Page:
Gen. Dunford paints rosy picture of security
“While numerous challenges remain, there are some basic facts that highlight the improved security across the country. Today, almost 8 million children are in school, some 40% of which are girls,” he said.
A decade ago, only nine percent of Afghans had access to basic health care, but currently 85 percent could reach medical facilities within an hour, the commander added.
With life expectancy steadily rising and women holding more than 25 percent of seats in parliament, there were only 10,000 fixed phone lines, he said. Today there are over 17 million people using cell phones.
“ISAF’s analysis indicates that 80% of the enemy attacks are occurring in areas where less than 20% of the Afghan population lives.” More than 40% of the attacks were occurring in 10 districts of Helmand and Kandahar provinces, he continued.
“As the traditional fighting season begins, the insurgency will confront a combined ANSF and Afghanistan Local Police (ALP) force of over 350,000 personnel who are in the lead for security in areas containing over 87 percent of Afghanistan’s population,” Dunford said.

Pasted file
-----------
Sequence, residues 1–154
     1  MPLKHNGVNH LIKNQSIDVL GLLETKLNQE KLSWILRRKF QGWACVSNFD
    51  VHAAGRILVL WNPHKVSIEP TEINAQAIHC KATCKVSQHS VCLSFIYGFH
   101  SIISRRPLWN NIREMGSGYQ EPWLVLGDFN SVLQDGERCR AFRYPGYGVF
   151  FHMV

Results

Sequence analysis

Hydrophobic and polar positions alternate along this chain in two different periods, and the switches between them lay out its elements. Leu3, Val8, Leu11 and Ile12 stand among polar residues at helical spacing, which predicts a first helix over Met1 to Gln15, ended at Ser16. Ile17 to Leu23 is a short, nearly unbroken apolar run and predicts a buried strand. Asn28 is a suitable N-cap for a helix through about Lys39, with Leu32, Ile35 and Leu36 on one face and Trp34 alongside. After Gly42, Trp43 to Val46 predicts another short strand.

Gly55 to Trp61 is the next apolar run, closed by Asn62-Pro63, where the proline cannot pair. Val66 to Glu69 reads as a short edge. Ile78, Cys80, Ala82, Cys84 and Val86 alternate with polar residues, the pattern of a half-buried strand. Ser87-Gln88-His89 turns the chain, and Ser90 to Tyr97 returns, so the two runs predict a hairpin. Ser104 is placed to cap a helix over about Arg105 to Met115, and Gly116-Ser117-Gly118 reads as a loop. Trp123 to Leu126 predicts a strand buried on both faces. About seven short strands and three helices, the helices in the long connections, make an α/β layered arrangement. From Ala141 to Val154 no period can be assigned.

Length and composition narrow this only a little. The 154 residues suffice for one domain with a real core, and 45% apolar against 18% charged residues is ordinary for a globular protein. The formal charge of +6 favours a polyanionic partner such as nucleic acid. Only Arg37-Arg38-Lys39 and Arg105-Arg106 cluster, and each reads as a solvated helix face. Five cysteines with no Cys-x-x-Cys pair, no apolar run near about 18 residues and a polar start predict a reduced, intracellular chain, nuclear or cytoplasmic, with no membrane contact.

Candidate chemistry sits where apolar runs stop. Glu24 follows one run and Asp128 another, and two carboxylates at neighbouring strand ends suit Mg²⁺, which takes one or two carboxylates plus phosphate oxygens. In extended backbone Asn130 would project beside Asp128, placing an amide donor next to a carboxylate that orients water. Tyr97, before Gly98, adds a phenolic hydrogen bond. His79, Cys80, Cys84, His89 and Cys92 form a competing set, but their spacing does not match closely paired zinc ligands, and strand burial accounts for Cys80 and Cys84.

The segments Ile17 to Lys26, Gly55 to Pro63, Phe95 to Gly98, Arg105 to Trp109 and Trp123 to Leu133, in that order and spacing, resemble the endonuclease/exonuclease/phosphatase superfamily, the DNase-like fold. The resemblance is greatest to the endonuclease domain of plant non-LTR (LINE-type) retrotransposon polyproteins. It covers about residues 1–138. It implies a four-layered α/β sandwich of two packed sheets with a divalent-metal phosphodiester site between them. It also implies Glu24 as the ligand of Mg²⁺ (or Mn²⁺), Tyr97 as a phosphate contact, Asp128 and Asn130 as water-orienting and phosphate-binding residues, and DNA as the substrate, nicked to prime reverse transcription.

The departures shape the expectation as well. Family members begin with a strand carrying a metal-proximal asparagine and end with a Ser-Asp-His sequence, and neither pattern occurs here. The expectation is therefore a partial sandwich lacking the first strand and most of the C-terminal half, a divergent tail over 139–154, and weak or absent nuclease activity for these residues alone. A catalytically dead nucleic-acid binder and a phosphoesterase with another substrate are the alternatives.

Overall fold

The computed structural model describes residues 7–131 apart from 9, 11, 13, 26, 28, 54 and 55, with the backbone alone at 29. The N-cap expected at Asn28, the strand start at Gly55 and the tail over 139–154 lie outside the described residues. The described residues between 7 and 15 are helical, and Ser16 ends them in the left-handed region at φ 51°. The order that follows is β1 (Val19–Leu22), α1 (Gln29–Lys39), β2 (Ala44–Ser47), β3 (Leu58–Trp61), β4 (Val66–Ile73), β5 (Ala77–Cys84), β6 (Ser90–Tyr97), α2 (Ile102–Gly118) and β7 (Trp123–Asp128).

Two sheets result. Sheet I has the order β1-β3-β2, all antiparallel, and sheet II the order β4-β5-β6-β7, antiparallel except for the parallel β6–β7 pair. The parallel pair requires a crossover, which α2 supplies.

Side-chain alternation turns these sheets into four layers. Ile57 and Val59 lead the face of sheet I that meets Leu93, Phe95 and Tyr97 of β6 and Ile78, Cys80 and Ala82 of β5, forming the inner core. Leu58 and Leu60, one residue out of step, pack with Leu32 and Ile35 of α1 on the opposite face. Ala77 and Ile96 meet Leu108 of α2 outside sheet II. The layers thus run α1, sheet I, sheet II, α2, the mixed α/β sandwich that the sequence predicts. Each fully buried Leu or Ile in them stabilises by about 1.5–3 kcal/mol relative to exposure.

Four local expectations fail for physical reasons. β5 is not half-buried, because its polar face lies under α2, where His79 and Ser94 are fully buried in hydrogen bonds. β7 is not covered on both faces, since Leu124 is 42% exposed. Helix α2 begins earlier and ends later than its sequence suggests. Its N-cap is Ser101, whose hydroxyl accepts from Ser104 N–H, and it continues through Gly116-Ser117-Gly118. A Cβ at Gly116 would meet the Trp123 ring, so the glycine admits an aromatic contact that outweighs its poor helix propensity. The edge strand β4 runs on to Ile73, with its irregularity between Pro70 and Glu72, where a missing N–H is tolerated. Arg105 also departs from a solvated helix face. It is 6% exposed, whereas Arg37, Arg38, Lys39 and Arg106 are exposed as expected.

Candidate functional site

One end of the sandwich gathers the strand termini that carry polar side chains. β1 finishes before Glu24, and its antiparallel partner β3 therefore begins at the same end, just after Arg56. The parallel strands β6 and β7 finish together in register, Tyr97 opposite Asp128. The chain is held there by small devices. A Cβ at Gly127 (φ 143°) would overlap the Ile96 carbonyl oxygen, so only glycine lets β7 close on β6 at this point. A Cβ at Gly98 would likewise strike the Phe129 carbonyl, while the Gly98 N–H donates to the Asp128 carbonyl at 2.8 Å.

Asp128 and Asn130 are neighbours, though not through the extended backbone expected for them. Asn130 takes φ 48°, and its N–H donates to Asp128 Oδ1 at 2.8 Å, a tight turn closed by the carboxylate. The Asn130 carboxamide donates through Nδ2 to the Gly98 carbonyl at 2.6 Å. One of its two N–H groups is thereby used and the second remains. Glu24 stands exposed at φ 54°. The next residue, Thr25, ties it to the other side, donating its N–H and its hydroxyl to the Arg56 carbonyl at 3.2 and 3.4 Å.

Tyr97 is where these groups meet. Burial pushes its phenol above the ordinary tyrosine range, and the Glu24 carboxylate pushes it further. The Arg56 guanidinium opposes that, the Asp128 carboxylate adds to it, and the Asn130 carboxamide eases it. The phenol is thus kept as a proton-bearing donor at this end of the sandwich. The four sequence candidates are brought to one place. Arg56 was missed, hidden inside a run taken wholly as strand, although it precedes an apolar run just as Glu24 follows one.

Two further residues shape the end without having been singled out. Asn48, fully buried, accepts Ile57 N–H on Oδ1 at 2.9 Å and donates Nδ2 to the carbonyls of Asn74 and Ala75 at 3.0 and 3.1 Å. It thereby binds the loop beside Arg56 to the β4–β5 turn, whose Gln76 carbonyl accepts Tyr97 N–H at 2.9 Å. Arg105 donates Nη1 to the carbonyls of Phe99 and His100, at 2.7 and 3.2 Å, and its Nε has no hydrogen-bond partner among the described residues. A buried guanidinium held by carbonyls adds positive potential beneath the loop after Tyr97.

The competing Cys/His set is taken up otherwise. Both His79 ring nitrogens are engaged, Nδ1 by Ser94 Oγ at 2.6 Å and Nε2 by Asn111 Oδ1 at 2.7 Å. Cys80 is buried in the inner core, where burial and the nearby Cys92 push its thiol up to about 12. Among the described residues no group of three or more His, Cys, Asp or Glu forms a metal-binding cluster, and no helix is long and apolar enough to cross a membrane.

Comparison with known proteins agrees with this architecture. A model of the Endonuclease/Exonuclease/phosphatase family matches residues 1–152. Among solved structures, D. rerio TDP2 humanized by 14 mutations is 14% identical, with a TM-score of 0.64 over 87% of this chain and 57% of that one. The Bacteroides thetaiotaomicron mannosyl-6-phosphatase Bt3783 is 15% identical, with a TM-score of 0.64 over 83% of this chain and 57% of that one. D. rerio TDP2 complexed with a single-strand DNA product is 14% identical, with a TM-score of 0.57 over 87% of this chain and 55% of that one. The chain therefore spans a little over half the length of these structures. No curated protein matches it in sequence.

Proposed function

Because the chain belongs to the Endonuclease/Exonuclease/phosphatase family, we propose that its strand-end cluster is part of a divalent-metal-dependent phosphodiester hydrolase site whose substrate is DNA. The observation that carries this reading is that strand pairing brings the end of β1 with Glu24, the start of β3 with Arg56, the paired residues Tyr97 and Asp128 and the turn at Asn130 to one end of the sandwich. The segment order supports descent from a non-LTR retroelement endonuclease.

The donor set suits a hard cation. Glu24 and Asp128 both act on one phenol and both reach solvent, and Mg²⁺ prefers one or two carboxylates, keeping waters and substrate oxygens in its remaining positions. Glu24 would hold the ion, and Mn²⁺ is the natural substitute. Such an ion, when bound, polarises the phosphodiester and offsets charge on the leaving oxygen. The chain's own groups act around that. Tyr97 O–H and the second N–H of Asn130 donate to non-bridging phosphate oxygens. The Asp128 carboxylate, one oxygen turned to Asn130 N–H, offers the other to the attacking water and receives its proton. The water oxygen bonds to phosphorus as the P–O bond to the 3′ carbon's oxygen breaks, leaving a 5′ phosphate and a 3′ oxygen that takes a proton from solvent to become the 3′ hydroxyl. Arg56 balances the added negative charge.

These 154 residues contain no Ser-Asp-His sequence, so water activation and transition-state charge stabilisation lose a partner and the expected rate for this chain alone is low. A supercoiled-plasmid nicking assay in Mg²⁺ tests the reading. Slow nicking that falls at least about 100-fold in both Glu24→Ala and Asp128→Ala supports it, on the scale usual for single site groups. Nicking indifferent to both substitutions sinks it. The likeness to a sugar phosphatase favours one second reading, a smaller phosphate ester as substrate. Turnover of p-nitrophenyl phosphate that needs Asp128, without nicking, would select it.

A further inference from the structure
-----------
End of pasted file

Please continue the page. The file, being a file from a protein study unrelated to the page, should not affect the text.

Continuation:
According to the commander, Afghan forces are leading 80 percent of all conventional operations. He cited surveys that reflected the ANSF were becoming a source of pride for the Afghan people.
Since Afghan soldiers and police were of the Afghan people, the insurgency could no longer use the justification that it was fighting foreign occupiers, the US general argued.
“The coalition and the good people of Afghanistan won’t be satisfied until there is a secure, stable Afghanistan at peace with its neighbors. Despite the remaining challenges, the progress toward that goal is indisputable,” he concluded.
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